How Can I Become a Better Writer?
by Shelby Jones
Writing can be a minefield and many would certainly prefer to traverse great fields of potential dynamite than attempt to put their own writing out into the world. Even thinking of the overwhelming number of authors, bloggers, and journalists who appear to have their knack for the medium sorted is petrifying.
But writing doesn’t have to be this scary. Below are six ways you can improve your craft.
What you’re doing now is the first step, so you’re doing well already! But don’t stop here. Begin with what captures your attention: newspapers, biographies, magazines, etc. Move onto established and challenging authors that diversify your imagination. While doing so, make a note of the writing’s tone and which styles you enjoy. For longer texts, notice the word choice and grammar used to make the writing flow.
Did you know that the average person says 7,000 words a day? The spoken and written word are vastly different, but establishing an understanding of authentic dialogue and verbal human interaction will help you greatly. Listen for idioms, accents, and slang — these give us personality and, for memoirs in particular, can really elevate your writing.
#3. Get basic
The nitty gritty of writing is grammar and style. We recommend Strunk and White’s The Elements of Style which is one of your biggest resources for such a tiny book. Also, get hold of a dictionary and thesaurus. These will provide definitions, spellings, and deviations of words you might have used too many times. The right word might not be in your vocabulary yet and can really add flavour to your work. But remember: bizarre and obscure words aren’t always your friend either. Use them sparingly.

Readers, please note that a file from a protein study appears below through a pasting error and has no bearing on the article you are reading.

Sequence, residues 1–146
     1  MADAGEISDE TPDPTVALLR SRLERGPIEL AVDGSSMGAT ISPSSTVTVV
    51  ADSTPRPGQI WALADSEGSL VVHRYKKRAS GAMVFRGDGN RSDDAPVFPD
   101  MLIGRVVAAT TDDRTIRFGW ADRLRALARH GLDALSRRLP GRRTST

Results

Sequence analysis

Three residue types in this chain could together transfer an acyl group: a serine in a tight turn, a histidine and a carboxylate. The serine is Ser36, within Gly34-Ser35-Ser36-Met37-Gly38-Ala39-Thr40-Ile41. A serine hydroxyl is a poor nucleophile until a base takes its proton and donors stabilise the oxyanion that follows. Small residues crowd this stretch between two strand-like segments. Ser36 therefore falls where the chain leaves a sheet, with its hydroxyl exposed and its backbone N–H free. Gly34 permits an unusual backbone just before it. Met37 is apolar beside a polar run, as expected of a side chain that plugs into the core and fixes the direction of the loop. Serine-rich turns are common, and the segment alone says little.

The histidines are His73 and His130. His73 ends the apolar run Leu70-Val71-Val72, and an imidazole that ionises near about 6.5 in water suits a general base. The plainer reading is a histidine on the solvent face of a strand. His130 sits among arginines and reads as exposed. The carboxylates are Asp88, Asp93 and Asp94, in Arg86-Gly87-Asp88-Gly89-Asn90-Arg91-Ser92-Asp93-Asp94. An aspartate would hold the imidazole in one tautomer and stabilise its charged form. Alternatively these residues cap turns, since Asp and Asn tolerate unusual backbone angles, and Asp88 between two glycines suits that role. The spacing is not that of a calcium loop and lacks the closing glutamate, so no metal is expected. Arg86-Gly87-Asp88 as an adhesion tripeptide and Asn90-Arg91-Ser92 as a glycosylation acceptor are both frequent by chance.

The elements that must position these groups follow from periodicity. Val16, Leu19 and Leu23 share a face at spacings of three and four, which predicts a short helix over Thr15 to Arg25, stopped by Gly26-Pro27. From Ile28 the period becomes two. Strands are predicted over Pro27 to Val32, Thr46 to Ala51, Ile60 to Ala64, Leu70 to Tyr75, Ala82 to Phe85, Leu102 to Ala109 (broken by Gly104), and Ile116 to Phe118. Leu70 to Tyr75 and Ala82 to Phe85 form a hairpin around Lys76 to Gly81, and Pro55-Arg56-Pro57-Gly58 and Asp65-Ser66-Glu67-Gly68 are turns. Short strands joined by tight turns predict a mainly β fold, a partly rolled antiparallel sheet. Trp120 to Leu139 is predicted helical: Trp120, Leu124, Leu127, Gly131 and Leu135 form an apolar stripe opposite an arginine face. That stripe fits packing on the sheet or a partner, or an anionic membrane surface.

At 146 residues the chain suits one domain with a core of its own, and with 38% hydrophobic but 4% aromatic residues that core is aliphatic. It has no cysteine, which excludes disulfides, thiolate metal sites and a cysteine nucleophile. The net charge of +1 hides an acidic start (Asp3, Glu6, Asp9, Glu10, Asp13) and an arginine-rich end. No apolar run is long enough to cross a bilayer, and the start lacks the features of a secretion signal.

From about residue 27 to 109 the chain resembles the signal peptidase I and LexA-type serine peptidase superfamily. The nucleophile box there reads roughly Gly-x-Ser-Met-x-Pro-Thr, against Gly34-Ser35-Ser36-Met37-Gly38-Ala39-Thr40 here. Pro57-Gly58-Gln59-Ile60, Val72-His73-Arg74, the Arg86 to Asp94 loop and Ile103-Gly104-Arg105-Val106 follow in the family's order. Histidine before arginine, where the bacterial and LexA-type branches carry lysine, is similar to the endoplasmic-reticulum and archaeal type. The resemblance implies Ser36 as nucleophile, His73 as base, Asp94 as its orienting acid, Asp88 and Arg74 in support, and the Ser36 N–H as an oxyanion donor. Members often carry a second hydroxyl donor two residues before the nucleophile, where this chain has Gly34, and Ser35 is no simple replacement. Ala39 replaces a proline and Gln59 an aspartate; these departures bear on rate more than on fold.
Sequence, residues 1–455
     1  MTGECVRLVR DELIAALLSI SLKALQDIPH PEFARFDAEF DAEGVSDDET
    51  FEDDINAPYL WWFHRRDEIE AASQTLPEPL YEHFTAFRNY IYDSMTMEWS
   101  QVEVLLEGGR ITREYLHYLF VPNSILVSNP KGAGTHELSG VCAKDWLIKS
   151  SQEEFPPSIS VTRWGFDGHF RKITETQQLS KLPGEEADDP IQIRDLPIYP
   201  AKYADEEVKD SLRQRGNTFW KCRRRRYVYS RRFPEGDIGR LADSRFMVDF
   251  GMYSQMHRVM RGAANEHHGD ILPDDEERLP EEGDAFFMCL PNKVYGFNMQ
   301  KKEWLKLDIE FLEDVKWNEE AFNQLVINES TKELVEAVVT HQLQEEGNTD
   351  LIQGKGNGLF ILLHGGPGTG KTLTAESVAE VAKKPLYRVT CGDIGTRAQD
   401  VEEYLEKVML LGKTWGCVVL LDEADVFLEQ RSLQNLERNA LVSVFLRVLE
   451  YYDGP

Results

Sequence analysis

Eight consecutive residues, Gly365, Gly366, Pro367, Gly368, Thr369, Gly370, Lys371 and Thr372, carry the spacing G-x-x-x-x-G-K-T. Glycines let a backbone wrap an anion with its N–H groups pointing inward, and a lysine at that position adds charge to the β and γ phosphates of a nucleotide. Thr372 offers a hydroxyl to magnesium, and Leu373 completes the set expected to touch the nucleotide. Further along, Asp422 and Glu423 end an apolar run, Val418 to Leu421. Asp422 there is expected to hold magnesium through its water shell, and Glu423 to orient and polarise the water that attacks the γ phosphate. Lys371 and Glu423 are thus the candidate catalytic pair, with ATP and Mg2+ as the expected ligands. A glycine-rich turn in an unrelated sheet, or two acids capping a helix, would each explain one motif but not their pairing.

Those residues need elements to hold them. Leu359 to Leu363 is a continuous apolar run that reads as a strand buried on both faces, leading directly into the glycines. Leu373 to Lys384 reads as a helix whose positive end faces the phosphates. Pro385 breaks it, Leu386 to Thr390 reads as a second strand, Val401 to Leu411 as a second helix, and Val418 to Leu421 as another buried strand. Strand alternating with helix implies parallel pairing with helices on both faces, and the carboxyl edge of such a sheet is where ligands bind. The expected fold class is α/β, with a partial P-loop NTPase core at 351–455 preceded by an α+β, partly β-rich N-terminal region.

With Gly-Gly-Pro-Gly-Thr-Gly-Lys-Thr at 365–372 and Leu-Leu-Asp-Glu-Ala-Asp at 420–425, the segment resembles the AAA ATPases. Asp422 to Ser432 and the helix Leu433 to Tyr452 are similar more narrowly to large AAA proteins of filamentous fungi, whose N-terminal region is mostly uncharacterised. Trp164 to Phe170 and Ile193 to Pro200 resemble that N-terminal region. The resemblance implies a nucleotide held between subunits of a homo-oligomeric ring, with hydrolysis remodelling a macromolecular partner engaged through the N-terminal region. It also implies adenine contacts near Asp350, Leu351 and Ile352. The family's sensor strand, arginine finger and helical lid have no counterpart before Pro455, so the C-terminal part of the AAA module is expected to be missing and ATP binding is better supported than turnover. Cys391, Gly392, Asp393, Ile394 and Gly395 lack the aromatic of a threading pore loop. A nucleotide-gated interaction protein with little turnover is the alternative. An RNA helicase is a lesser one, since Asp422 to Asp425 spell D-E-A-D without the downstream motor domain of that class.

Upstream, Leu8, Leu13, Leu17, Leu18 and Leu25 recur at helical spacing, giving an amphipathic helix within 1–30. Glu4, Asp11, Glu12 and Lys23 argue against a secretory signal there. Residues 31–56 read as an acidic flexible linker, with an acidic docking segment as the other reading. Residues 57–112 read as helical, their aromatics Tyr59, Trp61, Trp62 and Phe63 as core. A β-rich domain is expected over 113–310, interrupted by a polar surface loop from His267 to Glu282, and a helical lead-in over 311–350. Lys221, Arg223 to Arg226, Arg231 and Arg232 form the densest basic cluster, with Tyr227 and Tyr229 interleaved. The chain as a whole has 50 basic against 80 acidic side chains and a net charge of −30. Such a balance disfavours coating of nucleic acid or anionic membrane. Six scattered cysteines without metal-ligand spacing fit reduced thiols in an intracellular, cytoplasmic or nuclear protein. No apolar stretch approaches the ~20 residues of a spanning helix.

#4. Workshops and writing groups
There are lots of people like you with that flare of creativity. Use LinkedIn to browse writing meetups and workshops. Or check out the National Writing Project and the Writers-Online forum and join them one evening with an extract you’ve written. They will guide and support your writing journey.
Now for the actual writing. Sketch an outline of what you want to write. Treat it like a battle plan (writing can evoke such angst) or a roadmap, moving you through the story you want to tell. When you are lost, you can always go back to the map!
Humans make mistakes, but these mistakes can cost you a publishing deal or the dedication of your readers. Intensive proofreading will pick out spelling and grammar errors. Reading your work out loud is a good idea, too! Consider using professional services who will adhere to your wants and writing aspirations. An objective eye will spot issues the human mind is trained to miss.
Writing doesn’t have to be painful or overwhelming. With the right resources, you can express your ideas in a way you and your readers enjoy. When researching your topic, always think of the audience you’re writing for and their response. Also remember that it’s not a competition to show how far down the dictionary rabbit-hole you’ve fallen. It’s all a creative process that takes time.